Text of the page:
Additional constraints may be on the horizon. Republicans who support abortion restrictions are more than Democrats in the state legislature, and while North Carolina’s governor, a Democrat, has so far vetoed bills to further restrict access, a Republican governor, or future trials to redraw district boundaries may give Republicans the advantage of reaching one veto-proof majority.
In some ways, California is the opposite of North Carolina. The state’s only restriction is on abortions for viability (when the fetus could survive outside the womb), except when the patient’s life or health is in danger. The California government has promised financial resources and legal protection for people who need reproductive care. And unlike North Carolina, most of California’s neighboring states will retain access. Yet California is a critical destination for out-of-state patients in need of abortions because of the state’s financial support and reputation for access. Los Angeles in particular receives about 100 patients from abroad a month, according to Dunlap. She expects that number to double next year and continue to rise for the next five years.
“We have long known that we play an important role in the national dynamics of sexual and reproductive health care,” Dunlap said. In addition to its community resources, Los Angeles clinics are designed to accommodate traveling patients. “We have built an infrastructure, especially for abortion, that is flexible and capable of expanding, that is consciously aware of hospital partners, aware of travel centers, aware of the politics and the communities in which we are located,” she says.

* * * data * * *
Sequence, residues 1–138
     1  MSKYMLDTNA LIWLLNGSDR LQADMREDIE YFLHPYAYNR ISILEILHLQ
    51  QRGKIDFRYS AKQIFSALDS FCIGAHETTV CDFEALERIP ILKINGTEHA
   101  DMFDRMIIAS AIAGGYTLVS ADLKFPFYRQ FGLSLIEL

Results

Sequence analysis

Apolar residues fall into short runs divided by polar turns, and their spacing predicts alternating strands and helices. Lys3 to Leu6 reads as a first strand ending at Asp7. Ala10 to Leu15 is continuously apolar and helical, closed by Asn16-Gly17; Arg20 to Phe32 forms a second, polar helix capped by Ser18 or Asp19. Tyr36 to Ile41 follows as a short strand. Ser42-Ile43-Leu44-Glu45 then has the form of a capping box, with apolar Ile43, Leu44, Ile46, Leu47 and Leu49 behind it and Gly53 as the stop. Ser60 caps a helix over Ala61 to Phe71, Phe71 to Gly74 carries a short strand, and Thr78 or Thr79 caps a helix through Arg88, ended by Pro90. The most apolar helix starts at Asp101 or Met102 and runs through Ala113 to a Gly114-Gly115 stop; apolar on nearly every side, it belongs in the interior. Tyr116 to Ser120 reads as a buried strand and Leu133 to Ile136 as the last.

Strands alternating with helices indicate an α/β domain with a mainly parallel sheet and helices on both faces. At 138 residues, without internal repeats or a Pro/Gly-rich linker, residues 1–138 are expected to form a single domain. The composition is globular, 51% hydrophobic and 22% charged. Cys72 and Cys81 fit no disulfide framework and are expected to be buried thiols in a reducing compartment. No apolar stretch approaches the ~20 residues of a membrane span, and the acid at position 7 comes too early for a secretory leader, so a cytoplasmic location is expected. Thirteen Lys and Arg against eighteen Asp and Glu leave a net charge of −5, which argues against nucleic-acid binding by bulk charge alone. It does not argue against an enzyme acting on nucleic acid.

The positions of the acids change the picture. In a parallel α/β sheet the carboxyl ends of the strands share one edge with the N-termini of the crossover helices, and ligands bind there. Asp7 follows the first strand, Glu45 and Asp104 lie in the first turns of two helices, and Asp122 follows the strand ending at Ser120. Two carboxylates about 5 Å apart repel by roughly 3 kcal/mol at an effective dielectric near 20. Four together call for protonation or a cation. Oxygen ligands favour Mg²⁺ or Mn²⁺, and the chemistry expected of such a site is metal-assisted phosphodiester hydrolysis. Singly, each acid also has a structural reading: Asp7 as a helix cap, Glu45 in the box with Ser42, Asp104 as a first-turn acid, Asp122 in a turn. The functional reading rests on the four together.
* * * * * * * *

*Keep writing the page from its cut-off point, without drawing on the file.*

The California legislature is taking a relatively bold push to protect reproductive rights. Right now, lawmakers are considering one 13-bill package based on recommendations in a report from the California Future of Abortion Council. A bill bans the investigation, prosecution or imprisonment of anyone in California for terminating or losing a pregnancy. Another proposes a California Reproductive Health Service Corps to provide health care, including abortion, in underserved communities. Two bills protect doctors from lawsuits or having their licenses revoked to perform abortions.
Part of this proposal would be to create a government website to help anyone look for providers, health centers, available services, the nearest airport and resources for funding. “This could be extremely helpful, not just for California, but for people outside of California’s borders,” Nash says. (Washington state and New York have similar sites.)
Access to abortion outside the state will be much more difficult for people in lower-income communities. While online information moves more fluently than people do, the digital divide means that not everyone has access to computers, smartphones or Internet services. Other people may simply not be aware of the resources at their disposal. Many people do not know about abortion pills or that they can be obtained by mail. Some may not be aware of telehealth options – or independent sites like Plan C, Aid Access, Hey Jane and Choix, where customers can order pills, including regular contraception and emergency contraception.
They may also not know about the financial assistance from states and non-profit organizations for travel and medical expenses, or how widely it can be used. Dunlap says Planned Parenthood LA provided over $ 4 million in uncompensated care last year. It includes coverage of flights, bus tickets and Uber trips. “Everything you can imagine,” she says. “And we budgeted significantly more than that for next year.” A big challenge will be getting that message out, she says.